Rogers served as President of the American Psychological Association (APA), and in 1957 he took up a post at the University of Wisconsin, where he wrote one of his best-known books, On Becoming a Person (1961). However, following various internal conflicts within the Psychology department, Rogers became disillusioned with higher education. In 1964 the American Humanist Association named him "Humanist of the Year", and he was invited to join the research staff of the Western Behavioral Studies Institute in La Jolla, California, where he lived for the rest of his life, writing, providing therapy, giving public talks, and facilitating Person-Centred Approach workshops. In 1968 he co-founded the Center for Studies of the Person (CSP). He made a significant impact in the field of education with the publication of Freedom to Learn (1969), which outlined his ideas on experiential learning.

From 1975 until the end of his life, Rogers continued to travel internationally, holding Person-Centred Approach workshops and attempting to apply his theories to areas of political and social conflict, such as Northern Ireland, South Africa, and the Soviet Union. In 1987 he was nominated for a Nobel Peace Prize. He continued his work with client-centred therapy until his death in 1987.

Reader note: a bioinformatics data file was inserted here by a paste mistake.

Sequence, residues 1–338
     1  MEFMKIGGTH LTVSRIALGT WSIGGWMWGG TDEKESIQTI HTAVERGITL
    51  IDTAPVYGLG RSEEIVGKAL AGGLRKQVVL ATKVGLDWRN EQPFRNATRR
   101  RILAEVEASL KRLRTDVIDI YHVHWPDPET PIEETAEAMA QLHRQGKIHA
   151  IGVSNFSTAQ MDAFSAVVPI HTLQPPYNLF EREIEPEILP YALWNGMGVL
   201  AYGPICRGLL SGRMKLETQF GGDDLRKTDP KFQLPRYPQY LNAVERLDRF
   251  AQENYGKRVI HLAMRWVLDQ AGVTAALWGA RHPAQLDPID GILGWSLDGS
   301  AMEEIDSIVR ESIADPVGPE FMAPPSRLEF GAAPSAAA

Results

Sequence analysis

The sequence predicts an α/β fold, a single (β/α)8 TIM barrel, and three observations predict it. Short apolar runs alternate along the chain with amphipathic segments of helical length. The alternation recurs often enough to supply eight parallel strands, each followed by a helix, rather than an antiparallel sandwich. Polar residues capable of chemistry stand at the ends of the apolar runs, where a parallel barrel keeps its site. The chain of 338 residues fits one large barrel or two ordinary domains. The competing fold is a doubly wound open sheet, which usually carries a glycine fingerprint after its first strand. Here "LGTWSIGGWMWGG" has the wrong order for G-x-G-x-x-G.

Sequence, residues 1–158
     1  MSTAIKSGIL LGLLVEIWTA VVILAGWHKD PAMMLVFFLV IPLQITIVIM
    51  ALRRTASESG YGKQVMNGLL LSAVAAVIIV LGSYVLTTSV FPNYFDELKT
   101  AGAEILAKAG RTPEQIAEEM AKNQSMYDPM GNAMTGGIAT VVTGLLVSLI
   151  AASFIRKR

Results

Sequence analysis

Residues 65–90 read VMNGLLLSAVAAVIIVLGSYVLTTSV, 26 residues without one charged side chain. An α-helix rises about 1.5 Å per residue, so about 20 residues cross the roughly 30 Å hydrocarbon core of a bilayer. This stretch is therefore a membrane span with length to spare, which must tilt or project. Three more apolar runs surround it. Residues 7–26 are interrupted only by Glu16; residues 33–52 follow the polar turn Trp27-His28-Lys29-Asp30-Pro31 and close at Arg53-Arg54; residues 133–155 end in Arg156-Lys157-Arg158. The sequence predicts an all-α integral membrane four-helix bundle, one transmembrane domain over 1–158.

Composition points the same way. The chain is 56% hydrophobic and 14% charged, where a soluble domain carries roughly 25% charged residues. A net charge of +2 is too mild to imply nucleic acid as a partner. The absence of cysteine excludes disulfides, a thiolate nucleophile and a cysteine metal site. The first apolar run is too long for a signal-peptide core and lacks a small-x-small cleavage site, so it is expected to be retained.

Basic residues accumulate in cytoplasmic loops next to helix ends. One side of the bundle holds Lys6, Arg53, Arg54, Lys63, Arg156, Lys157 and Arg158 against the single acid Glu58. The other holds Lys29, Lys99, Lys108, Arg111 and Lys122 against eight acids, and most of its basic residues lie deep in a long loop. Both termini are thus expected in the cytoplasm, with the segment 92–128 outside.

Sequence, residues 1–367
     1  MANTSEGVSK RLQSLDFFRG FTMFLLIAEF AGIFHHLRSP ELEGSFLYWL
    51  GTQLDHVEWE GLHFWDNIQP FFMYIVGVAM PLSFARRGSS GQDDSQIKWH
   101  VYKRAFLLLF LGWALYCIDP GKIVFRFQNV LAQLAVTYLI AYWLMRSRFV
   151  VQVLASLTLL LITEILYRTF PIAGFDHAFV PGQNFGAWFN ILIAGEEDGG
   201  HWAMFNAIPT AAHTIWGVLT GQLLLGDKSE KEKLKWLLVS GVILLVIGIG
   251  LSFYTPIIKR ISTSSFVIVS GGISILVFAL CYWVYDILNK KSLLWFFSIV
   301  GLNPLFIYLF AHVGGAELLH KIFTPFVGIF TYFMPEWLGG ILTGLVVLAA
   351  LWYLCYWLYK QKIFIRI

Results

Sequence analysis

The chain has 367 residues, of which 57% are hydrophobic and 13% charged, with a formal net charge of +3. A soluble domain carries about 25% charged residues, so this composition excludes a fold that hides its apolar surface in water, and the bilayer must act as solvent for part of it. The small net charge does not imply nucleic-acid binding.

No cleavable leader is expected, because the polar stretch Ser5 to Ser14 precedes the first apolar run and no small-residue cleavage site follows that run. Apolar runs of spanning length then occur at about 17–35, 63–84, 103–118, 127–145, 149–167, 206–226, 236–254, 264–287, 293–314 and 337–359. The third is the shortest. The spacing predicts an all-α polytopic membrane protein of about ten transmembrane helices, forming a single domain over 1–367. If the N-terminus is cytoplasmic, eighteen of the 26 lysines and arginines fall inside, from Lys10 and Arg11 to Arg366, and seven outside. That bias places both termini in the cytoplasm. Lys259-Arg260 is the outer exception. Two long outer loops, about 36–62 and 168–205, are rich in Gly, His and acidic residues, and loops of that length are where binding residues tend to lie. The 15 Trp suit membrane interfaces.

Rogers was a prolific and influential writer, producing 16 books and over 200 professional articles. He received numerous awards for his contributions to psychology, including the inaugural APA Distinguished Professional Contribution Award (1956), and the APA Distinguished Scientific Contribution Award (1972), a unique honour only ever granted to Rogers. He was also given the Nicholas Murray Butler Silver Medal by Columbia University in 1955, and received honorary degrees from universities across the world.

Biographical sources:


Totally History

Totally Timeline

Good Therapy

The History Of The Person-Centered Approach

New World Encyclopaedia


Practical Pie

Principles of Learning

The strength of Rogers’ approach lies in part in his focus on relationships. As he once wrote, ‘The facilitation of significant learning rests upon certain attitudinal qualities that exist in the personal relationship between facilitator and learner’. Freedom to Learn (1969) is a classic statement of educational possibility in this respect. He had already begun to explore the notion of ‘student-centred teaching’ in Client-Centred Therapy (1951). In Freedom to Learn, he offered ten hypothesised principles of learning that he abstracted from his own experience: